For a lot of people, the office is where they spend most of their waking hours. Their colleagues are the ones they actually talk to most of the day, and some of them even grow to be close friends. This is why many people look for their job and their work culture to be fulfilling. However, it’s hard to get satisfaction from work, if your employees feel like there’s a toxic office culture.
What is considered a toxic workplace?
As a rule, a toxic workplace culture is one where employees feel there’s a negative atmosphere. One that badly impacts the way they do their job, or harms their career growth. Toxic behaviours can be presented by co-workers, superiors, or senior management, yet, in most times, it doesn’t stem from any malicious intentions.
Do you suspect your employees feel that your company has a toxic culture? There are several red flags that you can look for, to see if that’s true. And if you do recognise a problem, there are steps you can follow to change your work culture and make it as accepting and nurturing as possible.
What does a toxic workplace look like?
It’s important to know that toxic work cultures don’t only apply to the physical office. In fact, if your company offers remote work, the problem can be even more severe. It’s much more difficult recognising people resenting others, when you don’t actually see their faces. In that situation, it’s even more crucial to understand the signs of a toxic workplace.
As an employer, this will probably be the first thing you notice. It’s not difficult to notice when outputs are low, and deadlines are not being met. Often, the reason for that is that employee engagement is low, due to toxic behaviours.
Maybe employees are still meeting their targets, but they need to be pushed and convinced more than they used to. If people communicate lack of enthusiasm about the work, are constantly procrastinating and don’t participate, it could indicate they are not happy with the culture. Women, specifically, may feel the the weight of the emotional labour at work, which can greatly reduce their morale.
This point is closely related to lack of morale. People who feel that they work in a toxic environment, will find it hard to motivate themselves to even get to work, and prefer to do anything else instead. Luckily, this is also not difficult to measure, which can help you spot that there’s a problem in need of fixing.
Lack of transparency and communication
Toxic employees usually don’t communicate well with their peers. Or, their peers don’t want to communicate with them, because it feels uncomfortable. Either way, collaborations are made more difficult. If you notice that there is a lot of misunderstanding, and employees are not aware of changes and decisions, then it’s a good indicator of a company culture issue.
Lack of work/life balance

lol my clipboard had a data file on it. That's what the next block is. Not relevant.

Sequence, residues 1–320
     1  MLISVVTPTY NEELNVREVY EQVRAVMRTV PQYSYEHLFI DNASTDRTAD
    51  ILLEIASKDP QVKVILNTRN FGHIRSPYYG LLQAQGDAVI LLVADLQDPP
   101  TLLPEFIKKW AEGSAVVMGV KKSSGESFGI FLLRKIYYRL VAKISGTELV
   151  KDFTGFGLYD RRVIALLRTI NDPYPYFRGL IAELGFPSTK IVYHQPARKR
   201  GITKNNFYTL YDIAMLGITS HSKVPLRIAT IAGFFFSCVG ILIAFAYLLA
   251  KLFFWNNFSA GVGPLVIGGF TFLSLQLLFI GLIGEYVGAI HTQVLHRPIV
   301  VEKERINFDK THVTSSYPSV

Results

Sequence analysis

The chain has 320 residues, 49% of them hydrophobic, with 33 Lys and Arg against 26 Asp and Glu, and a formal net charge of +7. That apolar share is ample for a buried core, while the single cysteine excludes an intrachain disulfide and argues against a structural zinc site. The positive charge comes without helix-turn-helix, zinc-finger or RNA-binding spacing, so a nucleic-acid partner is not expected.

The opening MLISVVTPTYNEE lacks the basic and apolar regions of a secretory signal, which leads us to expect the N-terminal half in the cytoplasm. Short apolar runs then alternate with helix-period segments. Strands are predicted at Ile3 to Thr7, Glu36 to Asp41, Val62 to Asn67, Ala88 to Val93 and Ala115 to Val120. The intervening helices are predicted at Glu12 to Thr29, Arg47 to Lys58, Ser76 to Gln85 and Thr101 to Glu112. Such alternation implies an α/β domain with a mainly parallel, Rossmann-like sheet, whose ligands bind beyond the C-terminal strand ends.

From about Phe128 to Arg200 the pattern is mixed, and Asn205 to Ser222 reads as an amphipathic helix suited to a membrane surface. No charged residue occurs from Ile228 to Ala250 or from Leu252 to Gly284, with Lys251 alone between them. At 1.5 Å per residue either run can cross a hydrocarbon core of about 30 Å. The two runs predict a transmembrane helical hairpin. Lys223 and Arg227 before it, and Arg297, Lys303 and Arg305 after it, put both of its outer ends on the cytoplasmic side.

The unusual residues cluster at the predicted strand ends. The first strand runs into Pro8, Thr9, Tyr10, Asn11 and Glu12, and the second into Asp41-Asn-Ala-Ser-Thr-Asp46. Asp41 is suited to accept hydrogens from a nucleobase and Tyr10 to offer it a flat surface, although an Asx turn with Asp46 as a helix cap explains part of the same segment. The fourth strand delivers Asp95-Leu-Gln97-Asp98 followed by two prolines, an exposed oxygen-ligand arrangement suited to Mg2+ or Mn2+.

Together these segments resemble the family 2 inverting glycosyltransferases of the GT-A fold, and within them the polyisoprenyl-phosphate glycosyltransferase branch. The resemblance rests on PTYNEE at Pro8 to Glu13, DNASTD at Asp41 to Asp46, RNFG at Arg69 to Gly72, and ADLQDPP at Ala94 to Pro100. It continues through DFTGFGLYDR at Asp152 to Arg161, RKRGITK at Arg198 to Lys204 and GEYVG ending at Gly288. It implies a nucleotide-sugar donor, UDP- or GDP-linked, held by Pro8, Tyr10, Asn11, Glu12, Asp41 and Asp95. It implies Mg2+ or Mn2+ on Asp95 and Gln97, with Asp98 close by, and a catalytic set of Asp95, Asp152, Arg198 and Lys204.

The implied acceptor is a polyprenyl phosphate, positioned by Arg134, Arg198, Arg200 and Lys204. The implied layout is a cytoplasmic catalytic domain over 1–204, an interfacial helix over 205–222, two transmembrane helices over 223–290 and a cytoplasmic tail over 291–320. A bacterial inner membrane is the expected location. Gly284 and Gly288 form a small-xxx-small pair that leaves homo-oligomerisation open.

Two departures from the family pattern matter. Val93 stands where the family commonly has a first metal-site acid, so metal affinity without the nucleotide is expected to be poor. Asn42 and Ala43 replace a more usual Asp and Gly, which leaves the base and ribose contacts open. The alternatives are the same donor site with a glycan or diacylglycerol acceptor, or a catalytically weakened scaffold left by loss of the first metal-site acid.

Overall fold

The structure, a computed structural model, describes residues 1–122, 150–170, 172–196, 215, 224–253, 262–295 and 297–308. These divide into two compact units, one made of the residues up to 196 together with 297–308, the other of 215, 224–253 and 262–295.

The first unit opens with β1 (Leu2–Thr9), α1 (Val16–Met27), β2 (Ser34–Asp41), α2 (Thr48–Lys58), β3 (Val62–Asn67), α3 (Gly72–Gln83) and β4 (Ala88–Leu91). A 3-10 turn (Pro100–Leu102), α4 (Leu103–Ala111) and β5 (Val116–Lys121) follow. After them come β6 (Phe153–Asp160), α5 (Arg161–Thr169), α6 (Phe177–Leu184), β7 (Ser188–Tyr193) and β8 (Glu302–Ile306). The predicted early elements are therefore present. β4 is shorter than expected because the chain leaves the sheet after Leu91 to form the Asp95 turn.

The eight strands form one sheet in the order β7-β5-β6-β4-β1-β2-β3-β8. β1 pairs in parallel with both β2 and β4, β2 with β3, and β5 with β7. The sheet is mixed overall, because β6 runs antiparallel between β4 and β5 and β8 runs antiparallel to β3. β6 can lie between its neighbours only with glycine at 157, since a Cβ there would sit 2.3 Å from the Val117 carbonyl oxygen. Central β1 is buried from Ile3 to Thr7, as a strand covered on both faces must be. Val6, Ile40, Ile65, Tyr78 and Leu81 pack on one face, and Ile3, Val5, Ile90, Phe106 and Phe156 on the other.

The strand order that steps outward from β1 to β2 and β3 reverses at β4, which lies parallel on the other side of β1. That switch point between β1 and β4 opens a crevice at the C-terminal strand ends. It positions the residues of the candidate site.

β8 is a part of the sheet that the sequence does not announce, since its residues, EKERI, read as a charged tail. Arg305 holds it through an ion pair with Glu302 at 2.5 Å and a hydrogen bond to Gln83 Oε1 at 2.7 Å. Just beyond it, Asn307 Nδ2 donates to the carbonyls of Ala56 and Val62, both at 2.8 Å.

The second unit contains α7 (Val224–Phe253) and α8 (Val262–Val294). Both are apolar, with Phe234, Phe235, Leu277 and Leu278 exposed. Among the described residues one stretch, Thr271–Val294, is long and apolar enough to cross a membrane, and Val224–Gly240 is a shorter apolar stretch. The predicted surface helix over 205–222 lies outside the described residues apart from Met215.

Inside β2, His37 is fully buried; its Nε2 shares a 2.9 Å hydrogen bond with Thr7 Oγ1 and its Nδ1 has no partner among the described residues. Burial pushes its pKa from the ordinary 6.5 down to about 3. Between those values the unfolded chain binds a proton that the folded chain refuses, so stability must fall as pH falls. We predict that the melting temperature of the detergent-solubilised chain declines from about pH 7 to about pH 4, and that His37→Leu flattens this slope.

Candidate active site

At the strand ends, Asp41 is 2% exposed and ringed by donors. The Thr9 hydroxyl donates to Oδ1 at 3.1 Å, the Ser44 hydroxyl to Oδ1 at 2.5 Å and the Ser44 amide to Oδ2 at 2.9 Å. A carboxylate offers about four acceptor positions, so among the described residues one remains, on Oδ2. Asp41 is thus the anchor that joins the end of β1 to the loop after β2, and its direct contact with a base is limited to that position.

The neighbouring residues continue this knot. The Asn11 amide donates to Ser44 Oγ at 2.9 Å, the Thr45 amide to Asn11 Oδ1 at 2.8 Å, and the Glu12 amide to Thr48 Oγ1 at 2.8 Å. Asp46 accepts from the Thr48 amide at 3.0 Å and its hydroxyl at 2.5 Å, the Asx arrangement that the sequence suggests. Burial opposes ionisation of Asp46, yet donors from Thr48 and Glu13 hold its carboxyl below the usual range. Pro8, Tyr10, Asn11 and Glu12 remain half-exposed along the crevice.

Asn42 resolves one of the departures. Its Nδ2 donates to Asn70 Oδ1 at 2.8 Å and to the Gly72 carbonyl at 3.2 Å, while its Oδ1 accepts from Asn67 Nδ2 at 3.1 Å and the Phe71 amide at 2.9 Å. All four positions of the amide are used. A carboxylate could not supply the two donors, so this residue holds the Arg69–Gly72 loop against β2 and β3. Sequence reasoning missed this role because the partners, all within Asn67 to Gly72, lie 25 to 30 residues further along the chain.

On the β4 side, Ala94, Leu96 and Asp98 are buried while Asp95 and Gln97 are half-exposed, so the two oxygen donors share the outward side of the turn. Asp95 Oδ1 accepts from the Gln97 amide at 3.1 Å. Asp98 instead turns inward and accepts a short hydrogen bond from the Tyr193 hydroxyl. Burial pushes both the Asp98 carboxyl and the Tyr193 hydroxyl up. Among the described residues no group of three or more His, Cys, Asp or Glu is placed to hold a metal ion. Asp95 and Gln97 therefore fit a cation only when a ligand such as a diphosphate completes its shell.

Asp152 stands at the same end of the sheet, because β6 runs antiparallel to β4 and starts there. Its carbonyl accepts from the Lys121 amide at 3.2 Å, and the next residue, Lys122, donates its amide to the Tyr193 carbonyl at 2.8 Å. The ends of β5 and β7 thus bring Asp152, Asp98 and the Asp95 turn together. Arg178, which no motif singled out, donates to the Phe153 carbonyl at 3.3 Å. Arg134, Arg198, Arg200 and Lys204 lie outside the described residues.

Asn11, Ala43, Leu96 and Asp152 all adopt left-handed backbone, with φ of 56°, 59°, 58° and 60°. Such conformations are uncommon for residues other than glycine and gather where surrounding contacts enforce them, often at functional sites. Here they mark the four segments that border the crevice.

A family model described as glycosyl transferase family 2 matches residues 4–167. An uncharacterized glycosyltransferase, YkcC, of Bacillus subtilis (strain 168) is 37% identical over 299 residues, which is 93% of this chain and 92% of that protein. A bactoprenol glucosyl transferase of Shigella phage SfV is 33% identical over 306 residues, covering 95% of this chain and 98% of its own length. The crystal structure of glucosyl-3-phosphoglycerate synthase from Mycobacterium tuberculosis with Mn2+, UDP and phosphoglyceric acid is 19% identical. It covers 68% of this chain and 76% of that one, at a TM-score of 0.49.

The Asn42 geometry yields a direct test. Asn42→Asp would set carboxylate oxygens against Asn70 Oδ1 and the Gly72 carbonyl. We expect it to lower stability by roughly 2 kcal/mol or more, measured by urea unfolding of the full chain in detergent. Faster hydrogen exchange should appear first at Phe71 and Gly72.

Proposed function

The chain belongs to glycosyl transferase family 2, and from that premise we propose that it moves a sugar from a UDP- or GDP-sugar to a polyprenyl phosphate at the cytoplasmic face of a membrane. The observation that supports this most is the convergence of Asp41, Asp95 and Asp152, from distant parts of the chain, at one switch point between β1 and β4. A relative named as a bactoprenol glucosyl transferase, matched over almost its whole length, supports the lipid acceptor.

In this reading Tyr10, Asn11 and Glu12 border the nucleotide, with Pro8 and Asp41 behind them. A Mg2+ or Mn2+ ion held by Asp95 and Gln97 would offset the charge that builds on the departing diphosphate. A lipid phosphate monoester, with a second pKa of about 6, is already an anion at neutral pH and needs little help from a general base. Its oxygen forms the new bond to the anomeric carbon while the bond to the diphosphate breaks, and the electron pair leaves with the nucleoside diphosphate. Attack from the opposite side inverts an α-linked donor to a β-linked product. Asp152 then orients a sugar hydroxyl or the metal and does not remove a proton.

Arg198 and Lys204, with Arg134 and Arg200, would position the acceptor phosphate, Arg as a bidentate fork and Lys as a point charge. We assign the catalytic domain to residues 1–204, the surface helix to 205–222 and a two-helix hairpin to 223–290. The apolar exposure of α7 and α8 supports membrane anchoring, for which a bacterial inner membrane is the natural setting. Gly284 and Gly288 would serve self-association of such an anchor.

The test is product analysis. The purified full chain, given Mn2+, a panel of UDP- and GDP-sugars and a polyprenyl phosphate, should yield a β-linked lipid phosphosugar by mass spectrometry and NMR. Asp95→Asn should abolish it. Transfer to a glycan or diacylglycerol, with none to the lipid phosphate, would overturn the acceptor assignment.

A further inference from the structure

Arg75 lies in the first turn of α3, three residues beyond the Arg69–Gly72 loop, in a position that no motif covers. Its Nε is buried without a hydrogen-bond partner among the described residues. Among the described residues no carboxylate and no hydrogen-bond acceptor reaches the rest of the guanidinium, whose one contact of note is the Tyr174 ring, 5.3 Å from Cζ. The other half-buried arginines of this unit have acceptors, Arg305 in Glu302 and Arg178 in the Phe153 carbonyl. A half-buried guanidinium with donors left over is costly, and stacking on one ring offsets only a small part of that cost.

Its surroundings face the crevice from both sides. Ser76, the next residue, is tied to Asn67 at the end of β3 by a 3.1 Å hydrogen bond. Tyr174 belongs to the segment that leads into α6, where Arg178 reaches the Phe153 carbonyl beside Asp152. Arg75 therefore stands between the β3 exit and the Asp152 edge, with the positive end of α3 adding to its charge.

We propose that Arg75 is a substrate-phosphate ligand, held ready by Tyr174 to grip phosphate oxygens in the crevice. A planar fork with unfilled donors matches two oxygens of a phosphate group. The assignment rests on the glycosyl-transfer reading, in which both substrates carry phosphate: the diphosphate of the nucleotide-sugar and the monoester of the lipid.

This point may be more difficult for you to notice, as it is usually the result of company-wide policies. Employees who feel like the work is too demanding, and it’s taking over their life and leaves no room for other activities, will consider their workplace toxic. It’s up to you, as an employer, to identify this and implement measures to support better work-life balance for employees.
How to fix a toxic work environment
If you discover a problem with your work culture, it’s best to act fast, before employees start abandoning ship.
1. Survey employee concerns
The first step is identifying the causes behind your toxic workplace. Is it aggressive leadership? Is it specific policies? Is there a lack of accountability or lack of appreciation for good work?
To get the answer to these questions, you need to talk to your employees, and the best way is through surveys and one-to-ones.
2. Plan out your strategy
After you identify the issues at hand, it’s time to plan out how to address them. You can deal with specific people by employing conflict resolution methods. If there are multiple things to consider, set priorities, so nothing falls through the cracks. Here are a few solutions to consider, that help with most toxic work cultures:
- Two-way communication. Ensure your employees know you understand their concerns, and they can always come to you with issues.
- Foster a culture of inclusion. This can be with training, policies and workshops, to ensure all employees get the same treatment and opportunities.
- Increase workplace recognition. People who feel valued, are more likely to enjoy their work.
- Set realistic and achievable goals. Employees often feel overwhelmed, which can lead to burnout. This is the way to treat that.
- Be transparent. Let your employees know what you plan on doing and why, to make them feel included.
3. Apply the repair, and check back periodically
Deciding on a repair strategy is not enough. Once that’s done, it’s time to implement it and ensure it’s helping. You should create policies to support the repair, make sure that management is aligned with the changes needed, explain what’s going to change to your employees and get everyone on board.
Even if it seems like everything is going in the right direction, evaluate your plan every so often to make sure no new problems have arisen, and that you don’t need to change course. To learn more about how companies are finding ways to work smarter, read our 2021 Employee Experience Trends Report